The wrong kind of CaucasianIn 1901, a 28-year-old American named Leon Czolgosz assassinated US President William McKinley. Czolgosz was born in America, but he was of Polish descent. After McKinley died, the American media blamed Polish immigrants. They were outsiders, foreigners, with a suspicious religion – Catholicism – and strange last names.
Turn to Religion Split Bomb Suspects’ HomeA WSJ examination of the family of the Boston bombing suspects shows the family slipping into turmoil over the past five years. The upheaval was driven, at least in part, by a growing interest in religion by both Tamerlan Tsarnaev and his mother.
McLuhan brings the notion of violence as the search for identity in his 1968 debate with Norman Mailer.
Norman Mailer and Marshall McLuhan Debating 1968benforshay1
The irony of this clash between traditional and new media is the insistence that social media is a fermentation ground for rumour and trivia. Social media is considered vulgar and ‘not journalism’. In other words, not specialized and industrialized in McLuhan’s definition. Yet, to compete with the ‘always on’ social media, traditional journalists have incentives for scoops. This leads to increasingly inaccurate reporting whose quality becomes crowd sourced through social media. Traditional media outlets can be smug about inaccuracies echoing throughout the web while ignoring their own foibles.
Talking heads on the news are less interesting and insightful than comments on Twitter. #BostonMichael Krigsman
I love that big media relies on doxing to do research on the Tsarnaev brothers then it condemns "the Internet" for being out of controljoshuafoust
@texasinafrica take a pic and then crowdsource. Worked for the FBI ….Stephen Saideman
It’s hard to come into news via social media midstream and piece all the bits together…Amber Naslund
Coverage Of Bombing Suspects Could Change Social Media: In the wake of tragedy, the Internet and social media … T. Tung
Week in Boston will be analyzed from countless perspectives – incl opportunities and limits of crowdsourcing. Mirchandani
A brief history of media mistakes | Articles | HomeCNN is yet again being criticized for misreporting a major news story. This time, the network claimed that a suspect had been arrested in connection with the Boston Marathon bombing. After the FBI issued a stern rebuke, the occasional news network backed away from the story.
CNN Quits Breaking News, BecomesNEW YORK ( The Borowitz Report)-In a sweeping format change that marks the end of an era for the nation’s first cable news outlet, CNN announced today that it would no longer air breaking news and would instead re-run news stories of the past "that we know we got right."
#CNN is doing MUCH better today. They have just officially confirmed that #Watertown is in MassachusettsDavid Wild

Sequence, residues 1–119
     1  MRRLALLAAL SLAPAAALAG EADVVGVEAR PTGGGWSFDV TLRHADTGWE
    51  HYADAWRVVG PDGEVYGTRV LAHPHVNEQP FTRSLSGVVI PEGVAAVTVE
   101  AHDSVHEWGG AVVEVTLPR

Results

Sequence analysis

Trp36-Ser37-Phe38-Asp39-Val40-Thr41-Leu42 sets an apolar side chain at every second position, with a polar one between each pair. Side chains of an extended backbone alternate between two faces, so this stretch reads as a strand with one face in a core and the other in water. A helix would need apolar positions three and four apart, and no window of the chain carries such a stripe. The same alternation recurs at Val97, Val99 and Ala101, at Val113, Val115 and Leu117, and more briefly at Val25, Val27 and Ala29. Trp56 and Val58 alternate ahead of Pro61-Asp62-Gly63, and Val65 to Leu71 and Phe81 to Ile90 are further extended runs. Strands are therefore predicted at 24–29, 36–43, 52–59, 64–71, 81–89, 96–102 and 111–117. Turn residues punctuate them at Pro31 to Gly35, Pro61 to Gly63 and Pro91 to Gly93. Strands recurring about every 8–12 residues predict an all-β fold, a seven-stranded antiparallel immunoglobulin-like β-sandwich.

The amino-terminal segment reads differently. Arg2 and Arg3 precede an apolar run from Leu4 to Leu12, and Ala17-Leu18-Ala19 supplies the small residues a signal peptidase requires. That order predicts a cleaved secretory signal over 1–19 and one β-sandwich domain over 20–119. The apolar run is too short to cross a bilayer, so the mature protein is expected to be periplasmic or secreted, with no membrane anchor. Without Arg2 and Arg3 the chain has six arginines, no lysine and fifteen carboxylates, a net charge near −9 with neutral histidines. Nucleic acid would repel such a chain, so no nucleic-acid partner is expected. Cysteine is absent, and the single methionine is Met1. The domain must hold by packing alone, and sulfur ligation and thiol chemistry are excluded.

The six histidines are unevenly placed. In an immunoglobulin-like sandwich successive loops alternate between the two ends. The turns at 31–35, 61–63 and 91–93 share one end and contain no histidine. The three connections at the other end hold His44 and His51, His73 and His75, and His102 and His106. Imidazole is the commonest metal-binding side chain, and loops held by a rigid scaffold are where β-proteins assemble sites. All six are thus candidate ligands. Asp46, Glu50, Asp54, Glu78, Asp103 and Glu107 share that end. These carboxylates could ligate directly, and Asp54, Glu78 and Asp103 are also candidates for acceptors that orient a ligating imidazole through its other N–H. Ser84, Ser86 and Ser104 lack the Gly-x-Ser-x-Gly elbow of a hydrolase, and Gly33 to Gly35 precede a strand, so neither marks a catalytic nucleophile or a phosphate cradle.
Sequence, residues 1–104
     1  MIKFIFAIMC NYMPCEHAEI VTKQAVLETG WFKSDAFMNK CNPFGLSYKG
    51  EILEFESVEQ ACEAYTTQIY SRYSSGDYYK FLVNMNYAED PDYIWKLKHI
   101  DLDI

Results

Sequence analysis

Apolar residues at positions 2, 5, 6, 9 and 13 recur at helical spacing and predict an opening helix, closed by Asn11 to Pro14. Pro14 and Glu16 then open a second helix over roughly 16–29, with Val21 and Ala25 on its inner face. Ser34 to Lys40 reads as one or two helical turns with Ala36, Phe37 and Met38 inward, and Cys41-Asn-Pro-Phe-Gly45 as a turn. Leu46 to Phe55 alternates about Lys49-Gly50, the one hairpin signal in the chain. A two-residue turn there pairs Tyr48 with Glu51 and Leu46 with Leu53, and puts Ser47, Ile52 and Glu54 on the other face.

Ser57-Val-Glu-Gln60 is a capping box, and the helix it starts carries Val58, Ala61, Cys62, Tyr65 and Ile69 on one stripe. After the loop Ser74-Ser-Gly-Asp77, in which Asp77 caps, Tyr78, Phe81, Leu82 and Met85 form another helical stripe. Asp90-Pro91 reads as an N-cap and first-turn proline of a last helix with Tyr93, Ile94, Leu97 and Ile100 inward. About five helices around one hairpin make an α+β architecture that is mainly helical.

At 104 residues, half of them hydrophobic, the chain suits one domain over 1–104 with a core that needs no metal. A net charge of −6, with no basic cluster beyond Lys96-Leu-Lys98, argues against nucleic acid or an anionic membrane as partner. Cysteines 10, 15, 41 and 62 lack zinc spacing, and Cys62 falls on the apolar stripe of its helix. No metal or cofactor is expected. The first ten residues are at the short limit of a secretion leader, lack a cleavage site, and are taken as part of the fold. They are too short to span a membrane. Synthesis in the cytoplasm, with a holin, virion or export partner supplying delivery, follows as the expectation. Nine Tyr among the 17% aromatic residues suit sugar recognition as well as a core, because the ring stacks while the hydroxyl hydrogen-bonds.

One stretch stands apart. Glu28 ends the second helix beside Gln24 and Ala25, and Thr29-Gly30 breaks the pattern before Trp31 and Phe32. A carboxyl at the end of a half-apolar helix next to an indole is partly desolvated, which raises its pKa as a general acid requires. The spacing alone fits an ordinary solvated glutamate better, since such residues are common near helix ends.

Boston bombings: Social media spirals out of controlOver the last few days, thousands of people have taken to the Internet to play Sherlock Holmes. Armed with little more than grainy surveillance camera videos, cellphone photos and live tweets from police scanners, they have flooded the Web with clues, tips and speculation about what happened in Boston and who might have been behind it.
Not to say that crowd sourcing to achieve higher accuracy is foolproof.
deal architect : The limits to CrowdsourcingI am a big fan of crowdsourcing done right. GE’s use of Kaggle’s crowd to solve complex aviation challenges, or the use of Amazon Mechanical Turk for crowd scans of satellite imagery in the search for Jim Gray are two good examples. This week, however, we have seen two controversial examples of crowdsourcing.
So-called ‘fake news’ where humour is used to editorialize has become increasingly relevant. It also acts as commentary about the state of traditional media that it becoming increasingly desperate in the Internet era.
"Anyone can print accurate info., but @nypost always follows the 4 W’s of journalism: who, whatever, and why wait." Colbert Report
This Is A Tragedy-Does It Really Matter Exactly How Many People Died Or What Any Of The Details Are?Yesterday’s violent attack at the Boston Marathon has left all of us struggling to come to terms with such a senseless display of carnage. In the wake of this devastating tragedy, we at the New York Post join the nation in mourning those who were lost in this horrible event so that we may console one another and ultimately emerge from this catastrophe stronger and with a greater compassion for one another.
One thing you’ll never hear on Twitter during a live news event: "We’ll be right back after this commercial."Nick Bilton
Gawker: "Marathon Bombing Suspect Has Been Arrested and Is In Custody But Has Not Been Arrested and May Not Exist": Uberti
CNN Quits Breaking News, BecomesNEW YORK ( The Borowitz Report)-In a sweeping format change that marks the end of an era for the nation’s first cable news outlet, CNN announced today that it would no longer air breaking news and would instead re-run news stories of the past "that we know we got right."
Social media quickly flags inappropriate commercialization of tragedy. Businesses continue to treat social as a broadcast medium rather than operate within the network.
Social Media 101: IF YOU’RE NOT ADDING VALUE, SAY NOTHING. @Epicurious shows what NOT to do with this Twitter #FAIL Contreras
Kenneth Cole Draws Ire Over Gun Control TweetPerhaps fashion designer Kenneth Cole should stay off Twitter during sensitive political moments – or at least, his social media manager should. After provoking harsh criticism for a February 2011 tweet, in which the designer used the protests in Cairo to promote his spring collection, Cole was at it again Thursday.
Also: backlash against the ‘tech media’ ensued.
Why tech media had no business covering the Boston Marathon bombingNone of that was the case this week with the Boston Marathon bombing, when the eyes of the world turned toward Beantown with horror and compassion as terrorists targeted the world’s greatest footrace. Then, it was followed by a dramatic manhunt that finally ended Friday night.

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Doug Hadden

Doug Hadden

Executive Vice President, Innovation at FreeBalance
Doug is responsible for identifying new global markets, new technologies and trends, and new and enhanced internal processes. Doug leads a cross-functional international team that is responsible for developing product prototypes and innovative go-to-market strategies.